Review: The Cave (Luminato/Cave Collective)

Photo of Alex Samaras, Derek Kwan, Neema Bickersteth and Andrea Koziol by Delal HagosLuminato presents an apocalyptic animal cabaret, and metaphor for climate change, in Toronto

Conceived by Martha Ross (book), John Millard (music) and Tomson Highway (lyrics), and directed by Adam Paolozza, The Cave, presented by The Cave Collective as part of the 2019 Luminato Festival, envisions a sort of apocalyptic animal cabaret. A forest fire has spurred animals of all stripes and spots to seek haven in Bear’s cave; as the flames and smoke encroach ever closer, each animal tells its story, punctuated by Millard’s wry narration.

With an interesting mix of Christian theology (Adam and Eve being thoroughly dismissed from the Garden of Eden), Cree language, and an environmentalist message, the show presents numerous breathtaking song showpieces while not entirely coalescing. It’s a memorable conflagration, burning hot and brightly and then leaving in a billow of smoke.

Ushered in from the holding bar area, the audience enters the cave, a dark, almost womb-like space filled with draped fabric and musicians wearing animal accoutrements. A raised central stage is bordered by the musicians on one side and premium table seating on the other, and a wall of more traditional theatre seating to the back.

John Millard, our emcee, plays a banjo in formal short-panted schoolboy attire, playing up a droll nerd personality – one practically anticipates him declaring “I’m a PC,” John Hodgman-style – in a way you may find either endearing or irritating. I found Millard to be charming; he plays well, his compositions catchy and harmonically captivating. Oddly, though, he seems a little overwhelmed by his narrative duties, occasionally stalling while speaking; it was unclear if he was still on book or not.

The impressive musical ensemble alternately blends into the background and gets in on the fun; in particular, near the beginning, percussionist Germaine Liu slowly brings us into the drama by effectively creating a fire soundscape with gradually looped foley effects.

The music, as a whole, is the standout attraction; though starting with the expected Weimar-esque cabaret number, the show gives each animal a distinctive personality through musical style. Four performers in superb voice effectively inhabit the different creatures solo, also coming together with lovely, layered choruses. Standouts include the gentle humour of a depressed “skunk in a funk” played by Alex Samaras, a world-weary moose given very impressive vocal range by vocal powerhouse Neema Bickersteth, the heartbreaking farewell of a snake mother (Andrea Koziol) to her multiple babies with names starting with “s,” and a busy beaver’s (Derek Kwan) denial of the world around him burning as he builds.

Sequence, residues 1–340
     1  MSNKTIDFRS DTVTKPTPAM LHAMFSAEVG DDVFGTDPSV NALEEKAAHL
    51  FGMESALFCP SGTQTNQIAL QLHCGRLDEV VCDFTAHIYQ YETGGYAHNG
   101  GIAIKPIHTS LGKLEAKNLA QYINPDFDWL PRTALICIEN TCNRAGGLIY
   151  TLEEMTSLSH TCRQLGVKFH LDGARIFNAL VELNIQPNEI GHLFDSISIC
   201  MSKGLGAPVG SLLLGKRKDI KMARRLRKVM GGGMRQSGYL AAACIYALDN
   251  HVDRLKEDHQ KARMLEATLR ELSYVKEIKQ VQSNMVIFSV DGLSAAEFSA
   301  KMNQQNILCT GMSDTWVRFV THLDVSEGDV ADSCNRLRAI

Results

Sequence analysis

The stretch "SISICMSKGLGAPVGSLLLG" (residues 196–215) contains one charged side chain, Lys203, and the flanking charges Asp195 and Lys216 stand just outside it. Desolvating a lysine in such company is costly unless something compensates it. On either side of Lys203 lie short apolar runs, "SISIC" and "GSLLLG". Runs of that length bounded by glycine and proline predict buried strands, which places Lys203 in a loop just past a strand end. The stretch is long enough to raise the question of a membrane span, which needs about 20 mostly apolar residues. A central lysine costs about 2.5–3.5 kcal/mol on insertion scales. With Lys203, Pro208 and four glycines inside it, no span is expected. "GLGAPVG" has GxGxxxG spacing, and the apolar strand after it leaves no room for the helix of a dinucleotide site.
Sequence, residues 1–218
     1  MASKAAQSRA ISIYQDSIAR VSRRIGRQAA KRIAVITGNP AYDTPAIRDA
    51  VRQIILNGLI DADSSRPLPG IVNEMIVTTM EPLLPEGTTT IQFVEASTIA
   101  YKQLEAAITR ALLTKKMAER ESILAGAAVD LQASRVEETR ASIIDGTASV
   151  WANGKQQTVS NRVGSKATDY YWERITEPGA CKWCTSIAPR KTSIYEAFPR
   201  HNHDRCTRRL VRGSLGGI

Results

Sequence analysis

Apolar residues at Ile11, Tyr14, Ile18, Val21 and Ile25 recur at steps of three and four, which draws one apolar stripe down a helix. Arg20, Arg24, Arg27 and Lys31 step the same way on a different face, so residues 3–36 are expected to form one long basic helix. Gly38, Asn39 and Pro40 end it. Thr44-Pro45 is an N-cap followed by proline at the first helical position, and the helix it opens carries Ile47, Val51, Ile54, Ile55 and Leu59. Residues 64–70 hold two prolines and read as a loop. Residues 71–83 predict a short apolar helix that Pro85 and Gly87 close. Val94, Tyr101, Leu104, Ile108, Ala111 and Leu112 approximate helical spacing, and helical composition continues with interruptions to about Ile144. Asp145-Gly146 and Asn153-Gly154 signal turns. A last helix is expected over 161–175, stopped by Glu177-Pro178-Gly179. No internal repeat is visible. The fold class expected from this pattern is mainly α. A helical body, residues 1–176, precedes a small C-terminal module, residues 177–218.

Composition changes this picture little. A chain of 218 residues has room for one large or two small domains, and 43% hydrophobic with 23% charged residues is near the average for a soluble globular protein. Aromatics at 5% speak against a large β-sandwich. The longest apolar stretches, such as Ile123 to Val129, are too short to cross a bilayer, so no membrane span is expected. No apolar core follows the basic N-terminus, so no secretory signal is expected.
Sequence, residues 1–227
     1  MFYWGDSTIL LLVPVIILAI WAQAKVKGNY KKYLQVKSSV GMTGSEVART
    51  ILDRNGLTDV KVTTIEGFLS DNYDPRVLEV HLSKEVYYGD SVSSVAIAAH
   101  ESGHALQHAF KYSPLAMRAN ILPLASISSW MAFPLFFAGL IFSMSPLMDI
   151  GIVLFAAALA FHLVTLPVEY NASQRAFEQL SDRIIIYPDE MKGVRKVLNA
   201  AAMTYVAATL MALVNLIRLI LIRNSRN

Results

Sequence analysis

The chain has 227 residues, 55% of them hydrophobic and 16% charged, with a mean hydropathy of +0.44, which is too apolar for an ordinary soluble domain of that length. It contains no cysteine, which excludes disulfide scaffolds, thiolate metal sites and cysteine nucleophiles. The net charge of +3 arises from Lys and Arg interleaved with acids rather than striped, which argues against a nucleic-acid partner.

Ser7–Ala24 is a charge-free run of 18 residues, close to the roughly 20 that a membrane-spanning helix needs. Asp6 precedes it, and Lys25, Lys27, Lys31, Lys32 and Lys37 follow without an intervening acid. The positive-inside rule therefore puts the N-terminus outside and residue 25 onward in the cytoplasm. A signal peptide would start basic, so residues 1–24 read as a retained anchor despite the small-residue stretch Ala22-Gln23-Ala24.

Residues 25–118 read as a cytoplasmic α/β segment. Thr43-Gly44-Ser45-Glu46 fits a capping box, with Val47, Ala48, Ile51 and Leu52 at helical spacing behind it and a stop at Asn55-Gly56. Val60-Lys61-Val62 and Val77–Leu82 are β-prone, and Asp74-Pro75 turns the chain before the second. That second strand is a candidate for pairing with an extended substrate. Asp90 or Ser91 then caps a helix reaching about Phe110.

The actors are assisted by stylish costumes (Allie Marshall) that aren’t creature suits, but contain creatively suggestive animal elements that sprout from human attire and promote clear physical movement for each character. There are steampunk-type goggles for Mouse, carved paddles or walking sticks to be the arms of Moose, a feathered wing-cape for Crow, and a web-like skirt draped over Spider.

The lyrics to the songs are variable; Highway gives himself a tough tightrope to walk, trying to remain clever while believably animalistic in character, and succeeds more often than not. Some words are playful, some instructive, such as the lessons in Cree vocabulary and grammar, and some feature gorgeous imagery, such as a love song of a crow to a fox. Others are more pedestrian – “escaping the ire of the fire,” for example – and sometimes the rhymes seemed present but meandering, almost on a delay.

The show is least effective when it hits the metaphorical nail on the head; it’s very clear that the forest fire is a metaphor for environmental destruction and climate change, and it works better when the writers trust the audience to understand that without telling them. This happens occasionally, such as in Millard’s dog number, otherwise a showstopper, that suddenly takes a turn from much more dog-like complaints about lack of human attention to a rant about humanity’s geopolitical greed that required a much steeper suspension of disbelief.

There’s a lot to love about The Cave. All told, however, something about it just didn’t quite click for me. Perhaps it was the tonal shifts, or the ending, an almost-but-not-quite-callback to an earlier plot thread that could have either been more clearly connected or presented more distinctly. The experience is worth it for the singing and aesthetic alone, though, so I’m glad it’s being livestreamed so more people can share in the experience. After all, when it comes to the apocalypse, we’re all in this together.


  • The Cave plays at the Tank House Theatre (50 Tank House Lane) until June 23, 2019.
  • Shows run Wednesday-Saturday at 8:00PM, with Saturday-Sunday matinees at 2:00PM.
  • Tickets are $20-55 and can be purchased online, by calling 416-368-4849, or at the Festival Box Office.
  • The show runs 75 minutes with no intermission.
  • Audience advisory: large amounts of hazer and fog are used on stage
  • The Cave will be livestreamed on June 22nd at 2:00PM and 8:00PM.

Photo of Alex Samaras, Derek Kwan, Neema Bickersteth and Andrea Koziol by Delal Hagos